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Wednesday, September 6

GREEN TEA

Green tea is a type of tea that is made from Camellia sinesis (commonly called "tea plant") leaves.

Nutritional value per 100 g of regular green tea.

Energy  -  4 kJ (0.96 kcal)
Carbohydrates, Fat  -  0 g
Protein  -  0.2 g
Vitamins - 
Thiamine (B1)  0.007 mg
Riboflavin (B2) 0.06 mg
Niacin (B3) 0.03 mg
Vitamin B6 0.005 mg
Vitamin C 0.3 mg

Minerals - Potassium 8 mg, Sodium 1 mg, Magnesium 1 mg, Manganese 0,18 mg, Iron 0.02 mg

Water 99.9 g
Caffeine 12 mg

Green tea contains polyphenols and caffeine. Epigallocatechin gallate (EGCG), epicatechin gallate, epicatechins and flavanols include in polyphenols. These substances have antioxidant, anticarcinogen and anti-inflammatory.
And also green tea include three kinds of flavonoids. They a kaempferol, querectin and myricetin.

Tea has one of the highest contents of flavonoids among common food and beverage products.



There is a common believe that green tea helps to lose body weight. But there is no conclusive evidence to prove it.


Green tea for weight loss and weight maintenance in overweight or obese adults

''Green tea preparations appear to induce a small, statistically non-significant weight loss in overweight or obese adults. Because the amount of weight loss is small, it is not likely to be clinically important. Green tea had no significant effect on the maintenance of weight loss. Of those studies recording information on adverse events, only two identified an adverse event requiring hospitalisation. The remaining adverse events were judged to be mild to moderate.''


Tannis M Jurgens,
Anne Marie Whelan,
Lara Killian,
Steve Doucette,
Sara Kirk,
Elizabeth Foy

First published: 12 December 2012

Editorial Group: Cochrane Metabolic and Endocrine Disorders Group

DOI: 10.1002/14651858.CD008650.pub2
      


Tuesday, July 18

Honey

Nutrition Facts:
Fructose  38.5%
Glucose  31%
Water  17.1%
Maltose  7.2%
Other Carbohydrates 4.2%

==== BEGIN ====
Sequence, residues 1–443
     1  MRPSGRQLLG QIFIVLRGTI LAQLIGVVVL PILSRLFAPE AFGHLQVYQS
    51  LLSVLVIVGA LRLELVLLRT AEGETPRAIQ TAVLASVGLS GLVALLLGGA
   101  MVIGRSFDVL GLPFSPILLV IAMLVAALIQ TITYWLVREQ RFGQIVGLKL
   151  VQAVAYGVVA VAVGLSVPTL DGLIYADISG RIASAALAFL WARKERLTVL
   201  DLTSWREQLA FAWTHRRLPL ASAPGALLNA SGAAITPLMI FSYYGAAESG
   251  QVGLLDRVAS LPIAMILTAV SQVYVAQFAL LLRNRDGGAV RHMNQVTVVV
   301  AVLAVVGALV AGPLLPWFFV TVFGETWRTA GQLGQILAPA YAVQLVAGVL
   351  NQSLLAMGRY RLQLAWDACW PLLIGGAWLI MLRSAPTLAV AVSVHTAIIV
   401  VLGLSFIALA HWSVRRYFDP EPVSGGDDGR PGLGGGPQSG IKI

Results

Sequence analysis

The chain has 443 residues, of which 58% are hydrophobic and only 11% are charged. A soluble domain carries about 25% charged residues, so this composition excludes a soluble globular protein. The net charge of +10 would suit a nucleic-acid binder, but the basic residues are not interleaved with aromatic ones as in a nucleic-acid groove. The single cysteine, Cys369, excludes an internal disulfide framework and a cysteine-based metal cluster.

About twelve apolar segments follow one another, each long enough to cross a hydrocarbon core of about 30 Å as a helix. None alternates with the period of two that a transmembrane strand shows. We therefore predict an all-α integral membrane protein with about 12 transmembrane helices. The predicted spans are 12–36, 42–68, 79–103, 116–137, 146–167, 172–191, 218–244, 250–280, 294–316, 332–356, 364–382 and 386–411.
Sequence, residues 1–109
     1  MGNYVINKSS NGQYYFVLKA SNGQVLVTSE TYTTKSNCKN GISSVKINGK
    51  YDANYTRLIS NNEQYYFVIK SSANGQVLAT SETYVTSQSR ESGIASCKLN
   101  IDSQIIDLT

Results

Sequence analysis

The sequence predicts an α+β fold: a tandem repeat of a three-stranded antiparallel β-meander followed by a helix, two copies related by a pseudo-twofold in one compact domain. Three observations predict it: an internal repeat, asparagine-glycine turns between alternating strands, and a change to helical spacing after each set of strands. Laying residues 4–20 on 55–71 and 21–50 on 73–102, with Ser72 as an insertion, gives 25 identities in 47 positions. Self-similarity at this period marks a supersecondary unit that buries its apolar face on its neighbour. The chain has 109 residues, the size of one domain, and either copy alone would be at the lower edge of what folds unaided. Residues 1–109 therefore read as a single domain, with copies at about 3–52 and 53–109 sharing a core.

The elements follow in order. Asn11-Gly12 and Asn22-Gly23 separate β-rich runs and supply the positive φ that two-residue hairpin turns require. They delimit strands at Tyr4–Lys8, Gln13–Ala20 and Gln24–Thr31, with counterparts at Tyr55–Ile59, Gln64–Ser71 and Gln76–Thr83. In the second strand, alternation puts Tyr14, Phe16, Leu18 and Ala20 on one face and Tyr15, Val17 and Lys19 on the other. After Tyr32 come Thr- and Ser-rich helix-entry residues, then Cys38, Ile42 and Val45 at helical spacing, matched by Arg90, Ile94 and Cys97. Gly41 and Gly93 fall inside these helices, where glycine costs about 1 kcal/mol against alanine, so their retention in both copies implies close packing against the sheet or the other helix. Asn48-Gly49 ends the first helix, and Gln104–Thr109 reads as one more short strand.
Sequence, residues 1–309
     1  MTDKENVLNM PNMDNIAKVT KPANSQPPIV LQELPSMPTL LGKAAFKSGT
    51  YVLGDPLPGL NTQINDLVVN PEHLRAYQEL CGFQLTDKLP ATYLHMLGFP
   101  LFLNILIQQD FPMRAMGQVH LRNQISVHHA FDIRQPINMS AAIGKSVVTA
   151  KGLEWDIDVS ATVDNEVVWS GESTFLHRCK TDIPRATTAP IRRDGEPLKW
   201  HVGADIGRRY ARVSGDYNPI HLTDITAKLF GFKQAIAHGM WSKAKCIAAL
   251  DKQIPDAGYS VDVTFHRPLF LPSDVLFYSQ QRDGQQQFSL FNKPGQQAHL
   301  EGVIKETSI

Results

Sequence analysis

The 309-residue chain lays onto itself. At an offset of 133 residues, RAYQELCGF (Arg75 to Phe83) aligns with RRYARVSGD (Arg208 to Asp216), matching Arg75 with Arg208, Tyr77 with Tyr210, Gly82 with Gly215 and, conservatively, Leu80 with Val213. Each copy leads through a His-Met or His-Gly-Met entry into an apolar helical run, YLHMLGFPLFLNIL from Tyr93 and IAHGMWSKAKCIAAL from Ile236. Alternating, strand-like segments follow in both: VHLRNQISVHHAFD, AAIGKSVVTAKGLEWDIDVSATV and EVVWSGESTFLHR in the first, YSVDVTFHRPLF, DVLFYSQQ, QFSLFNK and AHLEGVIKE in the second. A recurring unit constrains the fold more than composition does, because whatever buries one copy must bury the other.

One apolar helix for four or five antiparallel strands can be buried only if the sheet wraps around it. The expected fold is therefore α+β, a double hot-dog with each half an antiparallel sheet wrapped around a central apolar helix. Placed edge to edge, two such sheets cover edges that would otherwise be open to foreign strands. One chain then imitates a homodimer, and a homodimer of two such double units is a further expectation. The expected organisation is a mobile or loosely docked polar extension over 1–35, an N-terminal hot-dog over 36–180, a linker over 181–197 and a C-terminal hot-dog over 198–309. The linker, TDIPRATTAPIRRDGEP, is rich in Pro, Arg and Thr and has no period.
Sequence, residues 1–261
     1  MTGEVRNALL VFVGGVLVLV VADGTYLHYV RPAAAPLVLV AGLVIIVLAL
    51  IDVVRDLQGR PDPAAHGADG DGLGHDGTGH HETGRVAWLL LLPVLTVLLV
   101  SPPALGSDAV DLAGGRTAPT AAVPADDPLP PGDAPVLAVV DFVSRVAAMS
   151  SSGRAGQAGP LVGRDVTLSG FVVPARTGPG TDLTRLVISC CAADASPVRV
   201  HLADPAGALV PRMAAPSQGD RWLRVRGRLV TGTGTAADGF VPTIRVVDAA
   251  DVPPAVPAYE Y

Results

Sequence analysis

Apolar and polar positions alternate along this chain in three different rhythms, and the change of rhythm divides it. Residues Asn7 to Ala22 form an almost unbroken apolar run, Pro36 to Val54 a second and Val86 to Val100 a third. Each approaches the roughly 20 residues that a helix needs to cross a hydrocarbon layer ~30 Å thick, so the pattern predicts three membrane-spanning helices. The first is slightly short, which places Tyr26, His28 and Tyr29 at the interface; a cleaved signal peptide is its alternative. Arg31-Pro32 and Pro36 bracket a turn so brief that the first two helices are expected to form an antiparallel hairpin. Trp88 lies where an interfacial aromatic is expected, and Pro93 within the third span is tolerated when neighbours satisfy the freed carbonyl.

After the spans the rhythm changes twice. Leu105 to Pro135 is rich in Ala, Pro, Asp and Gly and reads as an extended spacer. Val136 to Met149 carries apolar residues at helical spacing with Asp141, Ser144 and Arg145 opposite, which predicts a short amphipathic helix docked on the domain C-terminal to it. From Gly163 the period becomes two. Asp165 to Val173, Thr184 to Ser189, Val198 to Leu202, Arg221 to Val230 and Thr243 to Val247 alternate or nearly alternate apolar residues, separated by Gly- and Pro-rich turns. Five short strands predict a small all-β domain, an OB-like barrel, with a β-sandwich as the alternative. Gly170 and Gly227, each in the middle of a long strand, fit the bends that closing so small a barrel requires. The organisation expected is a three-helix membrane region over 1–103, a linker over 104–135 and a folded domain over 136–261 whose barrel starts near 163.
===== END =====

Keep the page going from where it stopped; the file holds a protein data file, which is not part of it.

Sucrose  1.5%
Vitamins, Minerals and Enzymes  0.5%  

Honey is natural energy source.

It's use to treat wounds and burns.
Give moisture to the skin.
Honey is a fungicide. 
Honey is efficacious for heart burn.
Good raw honey can reduce the sugar level of the blood.
Honey is used as a medicine in Ayurveda.

Tuesday, July 4

Nutritional values of Kurakkan (finger millet)

Moisture 13.24%
Protein 7.6%
Carbohydrates 74.36%
Fiber 1.52%
Minerals 2.35% (includes Magnesium, Manganese, Tryptophan, Phosphorus, Vitamin B)
Fat 1.35%
Energy 341.6 cal/100g

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Benefits of eating Kurakkan

+  Heart-protective properties:

Magnesium in kurakkan contains heart healthy properties. Magnesium lowers the blood pressure. 

+  Avoid Gallstones :

Fiber in Kurakkan helps reduce the incidence of gallstones.

+  Protection against breast cancer

+  Kurakkan is gluten free

+  Helps in weight loss



Q: Doctors and nutritionists say kurakkan flour is better than wheat flour due to health benefits but people still do not heed the advice. From your findings why would you say this is correct?

A: Kurakkan flour is good for health as it contains high amounts of fibre, B-complex vitamins including niacin, thiamin, and riboflavin, the essential amino acid methionine, lecithin, and some Vitamin E. It is particularly high in minerals such as iron, magnesium, phosphorous, and potassium.
The seeds are also rich in phytochemicals, including phytic acid, believed to lower cholesterol, and phytate, which is associated with reduced cancer. Methionine (essential amino acid) is limited in communities which consume rice, yams and tubers and is rich in kurakkan.
As the fibre content is high, there is a feeling of fullness and satiation after consumption and this prevents snacking and eating in between meals. It is also low in fat, containing about 1.7 grams in every 100g.
Kurakkan flour is categorised into median glycemic index foods which release glucose into the blood stream slowly which is an advantage for diabetics.
The main reason for the low consumption of this food is due to the attitude of people. People refer to this crop as "coarse grain" or "the poor man's crop". The nutritional advantage of it has not been understood.

Also, kurakkan can be prepared in dishes such as roti and thalapa. Today, there are products that use kurakkan such as bread and noodles, but are not popular due to the appearance and taste. It is important to educate consumers on the health benefits of kurakkan.
                                                            (The Sunday Observer interviewed Buddhika Perumpuli of the Ruhunu University)